The TV mega-merger loophole

How much control should one company have over America’s television stations?

For more than a decade, this has seemed like a settled question: In 2004, Congress limited the national reach of a television-group owner to 39 percent of U.S. homes. This limitation was put in place to keep the major networks, who are also station-group owners, from having too much control over local news.

This was actually an increase from the limit set by Ronald Reagan’s Federal Communications Commission, which first instituted the ownership cap in 1985 at 25 percent. Since then, the idea that no one company should control a dominant number of TV stations has developed a strong bipartisan constituency. Democrats and Republicans have long agreed that a handful of TV networks operating out of New York should not control most of the nation’s TV stations and their local news programming.

But when Sinclair Broadcast Group proposed merging with Tribune Media in May 2017, it would have created a new company that reached 72 percent of all TV households in the U.S. This enormous reach was not what Congress intended. My company, Newsmax, along with many organizations on both sides of the political spectrum, opposed the Sinclair-Tribune merger.

The merger was dropped, but it is still too early to celebrate. Tribune is apparently for sale again, with its 43 stations back on the market, and we could soon face another titanic television conglomerate if the FCC doesn’t act soon to make clear that there are limits on how dominant a TV station group can be.

What happened to the old limits? Sinclair was able to bid for Tribune and attempt to reach 72 percent of the country because in April 2017 the FCC re-instituted something called the UHF discount.

The UHF discount was an archaic regulatory rule that allowed television stations broadcasting on UHF frequencies to be counted at half their actual reach. In the past, this made sense, since UHF spectrum was considered to be inferior to VHF spectrum. Technology, however, has now made the rule obsolete because, since the 2009 transition to digital broadcasting, UHF signals are no longer inferior to VHF spectrum. In fact, UHF is now the preferred broadcasting frequency for digital television.

Shortly after the switch to digital—sometimes called the “DTV transition”—the FCC began a rulemaking to eliminate the UHF discount. According to the FCC, “the transition to DTV … undermine[d] the basis for the UHF discount” because it was “premised on the constraints of old technology.” The FCC formerly eliminated it in 2016.

But then, inexplicably, the discount was restored in 2017—a move widely viewed as providing a loophole for Sinclair to skirt the ownership limit. If you “discount” the value of UHF stations, you can nearly double the size of the audience a single broadcaster is allowed to reach without the consent of Congress or a lengthy FCC proceeding to determine whether it’s in the public interest.

Public interest groups immediately filed for a stay of the decision and appealed to the federal court in the District of Columbia, arguing that it should nix the new UHF discount as inappropriate and dishonest. In July, the court ruled that the petitioners did not have jurisdiction in the case, without discussing the merits of their arguments. For now, the UHF discount remains in place, but its justification remains questionable.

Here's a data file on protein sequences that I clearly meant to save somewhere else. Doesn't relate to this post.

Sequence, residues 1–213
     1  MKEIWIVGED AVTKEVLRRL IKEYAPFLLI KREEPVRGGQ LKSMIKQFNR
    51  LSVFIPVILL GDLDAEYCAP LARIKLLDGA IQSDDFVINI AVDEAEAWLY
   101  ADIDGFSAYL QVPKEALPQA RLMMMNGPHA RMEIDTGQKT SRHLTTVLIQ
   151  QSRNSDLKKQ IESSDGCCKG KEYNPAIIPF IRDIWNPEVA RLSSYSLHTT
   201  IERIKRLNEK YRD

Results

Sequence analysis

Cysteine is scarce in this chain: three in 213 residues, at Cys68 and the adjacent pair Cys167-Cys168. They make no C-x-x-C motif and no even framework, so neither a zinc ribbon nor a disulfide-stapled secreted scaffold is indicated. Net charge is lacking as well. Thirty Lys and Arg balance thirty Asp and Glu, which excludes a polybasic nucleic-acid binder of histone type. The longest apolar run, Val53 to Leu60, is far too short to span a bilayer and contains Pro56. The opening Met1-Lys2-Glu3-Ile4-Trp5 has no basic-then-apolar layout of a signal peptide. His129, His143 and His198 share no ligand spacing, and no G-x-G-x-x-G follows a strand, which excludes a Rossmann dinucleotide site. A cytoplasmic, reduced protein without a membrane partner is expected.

Fortunately, the FCC heard the message of people like myself and many others concerned about the ownership limitation, and its chairman, Ajit Pai, began a new process to permanently eliminate the UHF discount, while simultaneously raising or eliminating the national television ownership cap.

During the comment period that ended in March, Newsmax argued that if the cap was going to increase, a fair proportion would be about 50 percent of U.S. homes. Any number north of that would endanger competition and give large television station groups leverage to increase their rates over cable operators, thereby increasing consumer costs. These station groups would also have tremendous power to promote the cable channels they own over independent programmers like Newsmax, further undermining competition and diversity.

This issue should be resolved now. In addition to Tribune’s stations, Cox Media Group has indicated its 14 local TV stations are up for sale, and many station groups already butting up against the 39 percent cap are circling these assets. Before any more acquisitions and mergers get underway, the FCC needs to communicate a clear national standard—one that respects the ideas of localism, competition and diversity.

Congress also has an important role and in the past has intervened to set the standard.

My own view is that the FCC should come up with the limitation number, and then Congress should ratify a new set of ownership restrictions. Until then, any new merger approvals should be based on the old limitation of 39 percent. The FCC and Department of Justice should not approve a major television transaction similar to Sinclair-Tribune—one that uses a technicality to blow through the old limits—until a new national standard is ratified.

The principle of limited media ownership is one I will continue to fight for. If another megadeal is proposed that goes above a 50 percent limitation, Newsmax will oppose it, as we did with the Sinclair transaction. After all, the best way to combat fake news is with more news, and more viewpoints. Diversity of ownership and reasonable limitations ensure that balance.

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